Vicky Kalogera Honored For Astrophysics Work
Astrophysicist awarded 2016 Hans A. Bethe Prize from American Physical Society
- Kalogera studies mysteries of the universe: white dwarfs, neutron stars and black holes
- Award recognizes her work with neutron stars, black holes and gravitational waves
- Kalogera’s particular interest is binary systems, where two stars orbit each other
- Astrophysicist is involved in ambitious effort to detect gravitational waves for first time
The top-level astrophysics and nuclear physics prize within APS, the honor recognizes outstanding work in theory, experiment or observation in the areas of astrophysics, nuclear physics, nuclear astrophysics or closely related fields. It is open to any scientist working in these areas worldwide.
Kalogera’s research focuses on the physics of compact astrophysical objects: white dwarfs, neutron stars and black holes. She is particularly interested in binary systems, where two stars orbit each other. She studies how such systems are born, how they evolve and how their lives end.
“It’s a humbling honor to receive this award,” said Kalogera, who met Bethe in 1998. “Many of the past recipients are giants in the field, people whose work I have admired and read about since I first started learning about astrophysics and nuclear physics. And there are no words to express Bethe’s own wide-ranging and fundamental impact on the field.”
Kalogera is the Erastus O. Haven Professor and associate chair of the department of physics and astronomy in the Weinberg College of Arts and Sciences. She also is director of the Center for Interdisciplinary Exploration and Research in Astrophysics (CIERA).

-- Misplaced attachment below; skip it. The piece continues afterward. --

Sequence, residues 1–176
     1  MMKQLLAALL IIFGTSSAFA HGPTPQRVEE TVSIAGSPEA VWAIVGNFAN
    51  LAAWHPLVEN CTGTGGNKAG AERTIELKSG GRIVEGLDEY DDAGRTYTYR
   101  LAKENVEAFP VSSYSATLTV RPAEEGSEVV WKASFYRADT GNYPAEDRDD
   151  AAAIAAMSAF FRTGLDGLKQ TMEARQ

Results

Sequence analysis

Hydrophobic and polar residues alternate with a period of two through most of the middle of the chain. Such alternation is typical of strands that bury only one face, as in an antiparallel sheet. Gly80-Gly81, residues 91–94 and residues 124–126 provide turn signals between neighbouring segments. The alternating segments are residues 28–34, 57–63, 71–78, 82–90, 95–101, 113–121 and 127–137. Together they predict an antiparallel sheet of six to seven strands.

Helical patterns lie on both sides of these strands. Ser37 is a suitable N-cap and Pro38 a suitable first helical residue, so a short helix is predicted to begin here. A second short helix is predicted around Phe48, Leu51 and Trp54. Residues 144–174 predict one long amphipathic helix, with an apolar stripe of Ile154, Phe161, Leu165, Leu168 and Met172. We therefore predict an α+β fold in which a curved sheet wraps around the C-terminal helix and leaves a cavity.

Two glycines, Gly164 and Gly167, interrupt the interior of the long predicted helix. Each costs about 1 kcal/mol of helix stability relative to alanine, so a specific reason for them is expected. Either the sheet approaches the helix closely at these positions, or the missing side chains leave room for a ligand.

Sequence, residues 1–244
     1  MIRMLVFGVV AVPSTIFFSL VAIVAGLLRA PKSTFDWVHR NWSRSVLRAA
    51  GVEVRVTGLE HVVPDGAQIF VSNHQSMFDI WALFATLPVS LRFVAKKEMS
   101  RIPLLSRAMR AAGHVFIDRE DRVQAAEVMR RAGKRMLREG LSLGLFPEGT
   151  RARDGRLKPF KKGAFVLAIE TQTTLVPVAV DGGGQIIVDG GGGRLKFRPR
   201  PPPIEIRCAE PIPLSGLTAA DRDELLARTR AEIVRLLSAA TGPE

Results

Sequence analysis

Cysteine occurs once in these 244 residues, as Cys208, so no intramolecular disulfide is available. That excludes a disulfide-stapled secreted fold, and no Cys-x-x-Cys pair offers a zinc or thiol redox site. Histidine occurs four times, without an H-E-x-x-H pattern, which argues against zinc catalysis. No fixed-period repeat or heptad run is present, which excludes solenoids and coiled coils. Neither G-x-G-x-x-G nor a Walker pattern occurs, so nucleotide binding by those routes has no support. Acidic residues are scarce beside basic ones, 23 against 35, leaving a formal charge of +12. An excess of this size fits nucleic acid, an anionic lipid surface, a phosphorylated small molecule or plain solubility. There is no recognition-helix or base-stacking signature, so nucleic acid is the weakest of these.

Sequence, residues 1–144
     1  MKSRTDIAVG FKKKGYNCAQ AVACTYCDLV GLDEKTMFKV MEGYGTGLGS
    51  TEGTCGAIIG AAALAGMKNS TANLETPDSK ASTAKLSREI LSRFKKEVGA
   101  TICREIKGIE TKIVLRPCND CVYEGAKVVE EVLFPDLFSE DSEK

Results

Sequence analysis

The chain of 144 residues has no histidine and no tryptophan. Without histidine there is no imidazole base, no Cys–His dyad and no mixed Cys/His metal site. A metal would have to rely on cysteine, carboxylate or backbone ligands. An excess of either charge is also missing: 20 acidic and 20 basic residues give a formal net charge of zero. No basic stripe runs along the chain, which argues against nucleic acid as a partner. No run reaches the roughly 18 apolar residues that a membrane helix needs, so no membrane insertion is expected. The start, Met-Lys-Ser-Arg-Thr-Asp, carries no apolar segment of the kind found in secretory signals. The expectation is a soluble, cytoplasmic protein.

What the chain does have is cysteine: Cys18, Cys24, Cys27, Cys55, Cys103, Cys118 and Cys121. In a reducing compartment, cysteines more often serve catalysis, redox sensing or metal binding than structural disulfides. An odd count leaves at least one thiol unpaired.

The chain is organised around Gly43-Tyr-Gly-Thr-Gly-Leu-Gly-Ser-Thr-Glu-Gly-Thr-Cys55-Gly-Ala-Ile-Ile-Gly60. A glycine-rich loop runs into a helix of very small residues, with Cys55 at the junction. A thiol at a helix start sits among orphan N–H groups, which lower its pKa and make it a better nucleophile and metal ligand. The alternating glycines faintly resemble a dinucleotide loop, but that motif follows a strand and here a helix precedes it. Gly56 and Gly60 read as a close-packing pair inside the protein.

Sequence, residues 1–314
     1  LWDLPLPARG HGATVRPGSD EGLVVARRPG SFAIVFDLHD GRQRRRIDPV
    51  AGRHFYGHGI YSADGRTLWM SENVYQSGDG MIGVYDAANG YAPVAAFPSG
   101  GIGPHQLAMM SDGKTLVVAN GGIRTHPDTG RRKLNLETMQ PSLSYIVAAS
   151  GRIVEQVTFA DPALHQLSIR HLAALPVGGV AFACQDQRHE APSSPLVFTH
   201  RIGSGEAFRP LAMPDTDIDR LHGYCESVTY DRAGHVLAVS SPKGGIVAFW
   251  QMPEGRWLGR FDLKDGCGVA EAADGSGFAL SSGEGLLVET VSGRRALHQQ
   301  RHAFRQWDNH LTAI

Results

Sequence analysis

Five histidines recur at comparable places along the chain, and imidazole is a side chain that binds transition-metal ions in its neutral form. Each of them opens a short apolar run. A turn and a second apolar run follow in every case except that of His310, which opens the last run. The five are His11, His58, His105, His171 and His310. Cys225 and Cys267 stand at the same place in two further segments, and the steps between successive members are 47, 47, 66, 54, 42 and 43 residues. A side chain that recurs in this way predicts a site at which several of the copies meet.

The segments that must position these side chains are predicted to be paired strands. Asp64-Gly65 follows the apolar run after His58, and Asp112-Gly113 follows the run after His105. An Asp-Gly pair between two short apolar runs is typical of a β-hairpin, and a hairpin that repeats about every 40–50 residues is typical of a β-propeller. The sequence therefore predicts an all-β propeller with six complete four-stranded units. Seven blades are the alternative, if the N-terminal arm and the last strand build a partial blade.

Kalogera is being recognized for “key contributions to the study of the electromagnetic and gravitational wave radiation from binary compact objects, including the now-verified prediction that neutron star mergers produce short gamma-ray bursts that will be found in all galaxy types.”
She will receive the prize at a ceremony during the April 2016 meeting of the APS.
In studying astrophysical objects in our own and other galaxies, Kalogera works on the theoretical understanding of current observations of an object’s electromagnetic emission and anticipated gravitational radiation -- the theoretical “ripples” in the fabric of spacetime first predicted by Albert Einstein 100 years ago. She is helping develop optimal methods to detect these energetic gravitational waves and to astrophysically interpret the signals.
Kalogera leads Northwestern’s collaboration with the Laser Interferometer Gravitational-Wave Observatory (LIGO). This large-scale physics experiment and the planned Laser Interferometer Space Antenna (LISA) are expected to detect gravitational wave sources directly for the first time and open up the field of gravitational-wave astronomy.
Kalogera has won numerous awards for her research, including a Simons Foundation Fellowship and the Maria Goeppert-Mayer Award from the American Physical Society, a National Science Foundation CAREER award, the David and Lucile Packard Foundation Fellowship in Science and Engineering and the Cottrell Scholar Award. In 2008, she was named one of Astronomy Magazine’s Top 10 Rising Stars of Astronomy.
The author of more than 200 publications, Kalogera is a member of the American Astronomical Society and the American Physical Society. The National Science Foundation and NASA support her research.